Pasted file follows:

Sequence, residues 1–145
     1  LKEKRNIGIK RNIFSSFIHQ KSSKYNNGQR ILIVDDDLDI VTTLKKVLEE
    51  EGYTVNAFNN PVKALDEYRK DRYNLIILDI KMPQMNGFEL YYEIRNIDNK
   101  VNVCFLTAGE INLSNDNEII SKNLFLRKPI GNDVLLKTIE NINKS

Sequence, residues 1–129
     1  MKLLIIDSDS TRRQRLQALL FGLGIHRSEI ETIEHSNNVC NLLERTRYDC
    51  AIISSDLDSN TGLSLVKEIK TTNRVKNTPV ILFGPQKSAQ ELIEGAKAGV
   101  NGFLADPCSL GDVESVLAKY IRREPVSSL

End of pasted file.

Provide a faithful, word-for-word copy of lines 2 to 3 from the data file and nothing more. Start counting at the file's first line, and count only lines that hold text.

     1  LKEKRNIGIK RNIFSSFIHQ KSSKYNNGQR ILIVDDDLDI VTTLKKVLEE
    51  EGYTVNAFNN PVKALDEYRK DRYNLIILDI KMPQMNGFEL YYEIRNIDNK